They used to have a lot of books that came out that sold medium range numbers, they also had a little bit of books that were megasmashes that sold a lot and a little bit of books that were low range sellers.
Then the people behind the scenes got greedy and architected it so they tried to have more megasmash books and the middle market was eliminated. The problem with this method is that it's not working and now the medium range has almost totally dissapeared.
If you look at the music industry they did this exact same thing. If you're not selling platinum they don't want to put you out. This is destroying the rap game and music as a whole because everybody can't do platinum numbers every time out. This starves the game from highly talented mid range respectable-not-ridiculous sellers. This is why rap is dead.
This problem will be ironed out eventually but right now that's why the game is out of wack.
― Colin Cassidy (Colin Cassidy), Sunday, 22 October 2006 05:49 (fourteen years ago) link
― Colin Cassidy (Colin Cassidy), Sunday, 22 October 2006 05:51 (fourteen years ago) link
― Period period period (Period period period), Sunday, 22 October 2006 06:01 (fourteen years ago) link
― The Redd 47 Ronin (Ken L), Sunday, 22 October 2006 06:05 (fourteen years ago) link
Am I really not worthy of discussion, I get vague insults and shark pictures?
― Colin Cassidy (Colin Cassidy), Sunday, 22 October 2006 06:23 (fourteen years ago) link
And it's all, courtesy of the internet, easily available anywhere.
I could demonstrate the same for any genre of music - folk, soul, reggae, what have you.
Contrary to your statement "If you're not selling platinum they don't want to put you out," there is more hip hop in the marketplace for easy purchase than ever before, not less. What with all this influx of product, it's obvious (and generally speaking, intelligent) for a company to concentrate on the maximization of profit offered by the "big" sellers. But it's always been that way, really. The big companies are companies and have always been "greedy," but this problem has been made necessary by ever-expanding catalogs. And for the record, "architected" is not a word.
The book business "suffers" from a similar luxury of titles. There didn't used to be bookstores like Borders (with a large stock) or online retailers such as Amazon where nearly any in-print book can be pruchased. Largely for this reason, the book market is suffering from offering too great a selection and the costs connected therewith. The "medium" range suffers not from the existence of a few "blockbuster" titles, but from the easy availability and wide range of choices out there.
There are people who will always buy only blockbusters. The average adult American reads LESS than a book a year. There are of course, readers with specialist needs - I've got every book available on Hungarian grammar, for instance. The "middle market" of which you speak, hasn't been "eliminated," it simply can exercise its whims over a much more enormous selection of titles. With many more titles in print, the "average" title sells less, but the collective sales are roughly the same. This is a GOOD thing both for readers and writers of non-blockbuster stuff. And with the advent of computer-enabled small press runs, creativity can flourish without the need for huge sales. It's true in music too.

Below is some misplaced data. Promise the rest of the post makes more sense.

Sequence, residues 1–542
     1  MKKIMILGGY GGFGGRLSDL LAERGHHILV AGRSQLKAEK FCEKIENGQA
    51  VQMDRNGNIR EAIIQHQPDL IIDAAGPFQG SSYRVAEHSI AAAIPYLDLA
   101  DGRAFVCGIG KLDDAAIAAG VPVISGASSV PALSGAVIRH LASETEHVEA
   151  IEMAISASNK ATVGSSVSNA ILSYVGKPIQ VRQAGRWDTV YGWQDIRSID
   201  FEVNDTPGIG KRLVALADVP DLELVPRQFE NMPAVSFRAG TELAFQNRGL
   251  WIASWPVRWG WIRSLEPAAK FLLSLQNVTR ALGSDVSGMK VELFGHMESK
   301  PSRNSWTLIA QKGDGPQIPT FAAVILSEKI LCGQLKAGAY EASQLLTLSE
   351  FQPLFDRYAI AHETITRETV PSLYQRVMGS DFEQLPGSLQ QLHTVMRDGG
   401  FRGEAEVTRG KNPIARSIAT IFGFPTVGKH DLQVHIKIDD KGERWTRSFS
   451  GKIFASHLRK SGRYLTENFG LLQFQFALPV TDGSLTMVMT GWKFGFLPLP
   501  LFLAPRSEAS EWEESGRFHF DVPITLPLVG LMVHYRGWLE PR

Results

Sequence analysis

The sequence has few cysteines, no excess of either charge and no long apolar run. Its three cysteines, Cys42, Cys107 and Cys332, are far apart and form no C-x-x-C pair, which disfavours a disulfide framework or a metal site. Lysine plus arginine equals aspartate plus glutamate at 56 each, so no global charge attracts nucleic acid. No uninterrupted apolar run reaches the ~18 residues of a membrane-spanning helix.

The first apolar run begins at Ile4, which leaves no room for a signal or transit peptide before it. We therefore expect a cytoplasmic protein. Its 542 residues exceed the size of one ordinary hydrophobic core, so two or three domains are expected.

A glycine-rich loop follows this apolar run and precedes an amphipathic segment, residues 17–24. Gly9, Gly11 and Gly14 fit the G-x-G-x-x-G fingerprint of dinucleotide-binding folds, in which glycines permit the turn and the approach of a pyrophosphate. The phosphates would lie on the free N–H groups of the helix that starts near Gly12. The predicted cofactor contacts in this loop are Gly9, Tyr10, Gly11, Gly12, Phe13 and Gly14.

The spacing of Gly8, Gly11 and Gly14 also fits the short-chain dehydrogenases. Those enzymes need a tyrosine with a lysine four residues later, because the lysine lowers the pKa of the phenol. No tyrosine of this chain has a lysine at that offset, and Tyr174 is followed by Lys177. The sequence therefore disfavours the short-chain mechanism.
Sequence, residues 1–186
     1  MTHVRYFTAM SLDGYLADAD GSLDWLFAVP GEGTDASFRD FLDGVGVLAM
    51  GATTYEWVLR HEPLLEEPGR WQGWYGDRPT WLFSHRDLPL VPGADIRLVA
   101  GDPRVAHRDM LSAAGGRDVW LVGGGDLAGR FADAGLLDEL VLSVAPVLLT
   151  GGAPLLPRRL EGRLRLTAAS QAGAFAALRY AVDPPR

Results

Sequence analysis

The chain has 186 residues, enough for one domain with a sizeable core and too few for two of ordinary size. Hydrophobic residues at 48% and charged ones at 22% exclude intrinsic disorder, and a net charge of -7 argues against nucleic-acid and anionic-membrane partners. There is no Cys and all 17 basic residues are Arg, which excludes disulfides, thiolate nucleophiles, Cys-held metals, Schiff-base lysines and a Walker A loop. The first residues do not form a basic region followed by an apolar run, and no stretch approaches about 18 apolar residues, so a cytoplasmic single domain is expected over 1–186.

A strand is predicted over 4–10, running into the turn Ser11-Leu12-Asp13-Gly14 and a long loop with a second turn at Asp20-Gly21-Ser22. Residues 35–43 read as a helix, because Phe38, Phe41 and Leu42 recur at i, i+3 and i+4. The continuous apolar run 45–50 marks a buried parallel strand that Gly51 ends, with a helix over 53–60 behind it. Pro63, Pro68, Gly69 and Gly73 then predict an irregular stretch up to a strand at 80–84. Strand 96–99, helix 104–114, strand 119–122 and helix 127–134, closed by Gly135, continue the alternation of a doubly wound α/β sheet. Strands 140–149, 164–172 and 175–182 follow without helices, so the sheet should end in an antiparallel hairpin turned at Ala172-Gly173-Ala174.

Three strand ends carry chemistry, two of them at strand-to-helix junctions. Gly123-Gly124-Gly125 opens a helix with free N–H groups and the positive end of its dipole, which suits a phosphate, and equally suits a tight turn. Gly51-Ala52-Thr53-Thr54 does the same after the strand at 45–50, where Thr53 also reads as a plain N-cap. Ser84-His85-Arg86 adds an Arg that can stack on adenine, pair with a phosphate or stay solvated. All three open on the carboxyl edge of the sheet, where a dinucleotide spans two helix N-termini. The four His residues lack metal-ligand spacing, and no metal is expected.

Hip hop, if it is indeed "dead," suffers more from a creative bankruptcy and an absurd obsession with a small range of ideas and sounds. It had a big heyday relative to other genres of music that suffer from a sort of topical claustrophobia (like reggae, which I love and obsess over, but which had an obviously small sales potential outside of a few artists.)As with any genre of music, there's always great stuff lurking, but it's hard to disagree with Linton Kwesi Johnson's assertion that when he heard "The Message," he was mesmerized by the brilliance of the music and the poetry of the lyrics, and hip hop's problem is that it's come up with little (LKJ says "nothing") that's matched it since.
Plenty of musical genres survive below the radar for years - including hip hop in its earliest and most creative days. Your implication is that hip hop, despite its low-cost and often DIY nature, cannot survive without "big money." That makes it about as artistically bankrupt as, I don't know, REO Speedwagon or Boston or something.
Interestingly, there have been many articles lately about the astounding success of "hip hop writers" self-publishing and marketing their books in the 'hood' (so to speak - obviously this is shorthand for an audience for whom these books are written, an audience not typically marketed to by mainstream publishers) without the help of any big companies concerned with massive profits and platinum sellers (or the literary equivalent.) Although you don't mention hip hop artists complaining about what your professor discusses, I'm sure many do. It's a shame that such musicians wouldn't take a page from their author peers - the DIY approach appears to be working for them.
I suspect your professor is a failed author! His theory is pretty stupid.
― Dee Xtrovert (dee dee), Sunday, 22 October 2006 06:26 (fourteen years ago) link
― Dee Xtrovert (dee dee), Sunday, 22 October 2006 06:29 (fourteen years ago) link
― Colin Cassidy (Colin Cassidy), Sunday, 22 October 2006 06:48 (fourteen years ago) link
― Huk-L (Huk-L), Sunday, 22 October 2006 07:40 (fourteen years ago) link
― Marmot (marmotwolof), Sunday, 22 October 2006 07:51 (fourteen years ago) link